Re: [unrev-II] Document as "View" ==> True KR

From: Eric Armstrong (
Date: Sun Feb 13 2000 - 19:21:30 PST

From: Eric Armstrong <>

Yeah!! What you said.

In particular, the need for <== and <=> is duly noted.

The "router" (or agent) idea to generate new documents also
makes excellent sense.

The only trick is to distinguish nodes, so the agent can find the
right ones. For example, it needs to distinguish:
  * A link to a reference node
  * A design note implied by a feature
  * A secondary design note implied by a design note
  * A test case implied by a design note

We're probably going to have to label the nodes -- or possibly
the links, in some way. In a "fixed" domain like software
development, where we know the knowledge products (documents)
we want to produce, we can probably get away with forcing the
node-originator to specify the type of node they are creating.

But in a more fluid domain, in which most of the early explorations
will be unlabled, there will be a need to add labels later, and probably

the need to recategorize entries later on.

The part I still don't have a good handle on, though, is how IBIS
style OR's of alternatives co-mingle with document-style AND's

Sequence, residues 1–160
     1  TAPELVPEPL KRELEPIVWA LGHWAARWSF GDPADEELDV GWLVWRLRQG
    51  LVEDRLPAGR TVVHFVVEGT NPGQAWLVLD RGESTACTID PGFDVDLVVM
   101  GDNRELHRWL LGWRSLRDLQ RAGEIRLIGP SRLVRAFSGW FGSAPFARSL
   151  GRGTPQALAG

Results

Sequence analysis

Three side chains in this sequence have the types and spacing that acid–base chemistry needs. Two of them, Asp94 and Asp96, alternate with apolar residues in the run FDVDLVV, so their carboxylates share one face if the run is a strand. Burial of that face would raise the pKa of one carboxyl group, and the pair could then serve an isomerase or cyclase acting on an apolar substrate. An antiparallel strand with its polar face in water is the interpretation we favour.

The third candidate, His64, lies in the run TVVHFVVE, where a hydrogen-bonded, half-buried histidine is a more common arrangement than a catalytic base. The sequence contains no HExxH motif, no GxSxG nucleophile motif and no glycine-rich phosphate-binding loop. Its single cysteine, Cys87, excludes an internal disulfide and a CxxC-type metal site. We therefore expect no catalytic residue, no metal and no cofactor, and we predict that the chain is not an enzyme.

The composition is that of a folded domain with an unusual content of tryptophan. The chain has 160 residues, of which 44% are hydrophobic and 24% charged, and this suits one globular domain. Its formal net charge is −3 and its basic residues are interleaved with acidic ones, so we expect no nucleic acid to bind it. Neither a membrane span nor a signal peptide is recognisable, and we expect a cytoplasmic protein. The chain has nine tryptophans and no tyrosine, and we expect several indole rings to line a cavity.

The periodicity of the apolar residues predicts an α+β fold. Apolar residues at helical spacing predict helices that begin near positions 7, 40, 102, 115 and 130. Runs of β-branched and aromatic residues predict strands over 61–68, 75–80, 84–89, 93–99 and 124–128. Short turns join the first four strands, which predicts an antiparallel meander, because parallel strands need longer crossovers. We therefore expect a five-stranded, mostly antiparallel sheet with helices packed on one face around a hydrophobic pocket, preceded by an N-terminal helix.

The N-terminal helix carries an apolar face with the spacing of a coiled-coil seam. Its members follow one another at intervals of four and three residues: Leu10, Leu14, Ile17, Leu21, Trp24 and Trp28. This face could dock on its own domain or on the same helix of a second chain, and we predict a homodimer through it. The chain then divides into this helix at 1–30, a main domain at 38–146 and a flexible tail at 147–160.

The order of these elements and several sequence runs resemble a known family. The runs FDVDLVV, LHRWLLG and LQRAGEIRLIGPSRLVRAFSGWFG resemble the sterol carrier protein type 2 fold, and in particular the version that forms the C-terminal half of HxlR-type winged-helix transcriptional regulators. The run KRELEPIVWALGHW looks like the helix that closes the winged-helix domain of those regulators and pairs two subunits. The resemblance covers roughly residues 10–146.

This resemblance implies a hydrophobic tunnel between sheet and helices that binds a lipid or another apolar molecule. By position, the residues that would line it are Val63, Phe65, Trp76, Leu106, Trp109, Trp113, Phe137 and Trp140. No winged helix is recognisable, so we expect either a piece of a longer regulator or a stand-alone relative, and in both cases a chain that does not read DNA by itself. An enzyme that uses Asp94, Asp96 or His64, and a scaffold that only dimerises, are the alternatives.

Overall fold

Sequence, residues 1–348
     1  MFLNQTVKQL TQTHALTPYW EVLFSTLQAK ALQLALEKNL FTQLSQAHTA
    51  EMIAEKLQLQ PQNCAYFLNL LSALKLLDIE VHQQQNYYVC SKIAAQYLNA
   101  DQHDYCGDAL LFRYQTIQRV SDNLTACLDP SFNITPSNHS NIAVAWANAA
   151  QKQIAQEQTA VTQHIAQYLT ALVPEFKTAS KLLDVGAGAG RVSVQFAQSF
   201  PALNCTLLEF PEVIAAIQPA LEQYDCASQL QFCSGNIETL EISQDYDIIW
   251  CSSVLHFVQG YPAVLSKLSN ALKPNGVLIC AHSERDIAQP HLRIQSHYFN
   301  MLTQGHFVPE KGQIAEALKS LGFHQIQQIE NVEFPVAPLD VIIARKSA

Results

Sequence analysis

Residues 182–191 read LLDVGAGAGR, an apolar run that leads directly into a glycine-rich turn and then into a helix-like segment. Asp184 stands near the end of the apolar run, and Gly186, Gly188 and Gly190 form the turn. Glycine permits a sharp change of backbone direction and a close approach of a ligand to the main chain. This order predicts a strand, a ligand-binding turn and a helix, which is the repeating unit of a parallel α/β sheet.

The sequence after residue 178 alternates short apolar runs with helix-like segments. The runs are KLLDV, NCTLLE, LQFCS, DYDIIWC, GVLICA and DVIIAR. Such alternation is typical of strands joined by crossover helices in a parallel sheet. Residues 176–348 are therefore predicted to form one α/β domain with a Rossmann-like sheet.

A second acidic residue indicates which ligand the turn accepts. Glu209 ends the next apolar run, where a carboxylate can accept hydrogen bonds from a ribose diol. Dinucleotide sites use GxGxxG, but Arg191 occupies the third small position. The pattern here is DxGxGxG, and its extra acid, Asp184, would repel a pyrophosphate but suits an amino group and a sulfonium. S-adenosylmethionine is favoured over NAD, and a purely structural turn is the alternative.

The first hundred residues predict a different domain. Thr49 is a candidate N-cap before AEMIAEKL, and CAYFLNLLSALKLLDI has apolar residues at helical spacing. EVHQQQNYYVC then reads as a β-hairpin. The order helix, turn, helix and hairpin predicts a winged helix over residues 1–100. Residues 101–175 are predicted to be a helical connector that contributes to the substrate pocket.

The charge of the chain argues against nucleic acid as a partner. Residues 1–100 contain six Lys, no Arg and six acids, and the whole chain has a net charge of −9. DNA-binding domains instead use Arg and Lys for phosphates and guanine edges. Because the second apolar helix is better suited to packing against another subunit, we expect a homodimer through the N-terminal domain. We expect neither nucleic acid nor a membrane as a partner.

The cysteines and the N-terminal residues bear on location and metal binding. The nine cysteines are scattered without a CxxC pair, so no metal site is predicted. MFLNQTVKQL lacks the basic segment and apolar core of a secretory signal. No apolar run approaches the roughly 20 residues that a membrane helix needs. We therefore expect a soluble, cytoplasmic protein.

of features, design notes, or what have you.

Jeff Miller wrote:

> From: Jeff Miller <>
> Interesting idea. sounds like a reasoning tool. I'd imagine that you'd
> have a routing algorithm that would trace from a selected node to it's
> logical conclusion(s). two other operators you'd need to add though
> are
> <== and <==> as a design idea could imply a feature (bug?) by it's
> presents and a feature may imply a design idea that implies that
> feature.
> For example,
> F1 ==> D1
> <==>
> F2 ==> D2
> To include feature F1 you imply D1 which implies the presents of
> feature
> F2 and design idea D2. but having feature F2 while it imples design
> idea
> D1 and D2 does not imply the presents of F1.
> Back to the routing; You could conceviably select a starting point
> which
> would then be traced to one or more logical conclusions. These
> conclusions
> may not be whole as that reasoning in the automated system breaks down
> when there are no explicit connection between nodes. At this stage the
> human user steps back in to carry out the fuzzy logic jump that is
> needed
> to find a new starting point for the router to take over again. In
> this
> manner you could connect islands of design patterns to design a system
> without actually having to implement it. Think of it as a CAD/CAM
> simulator for software engineering.
> Jeff.
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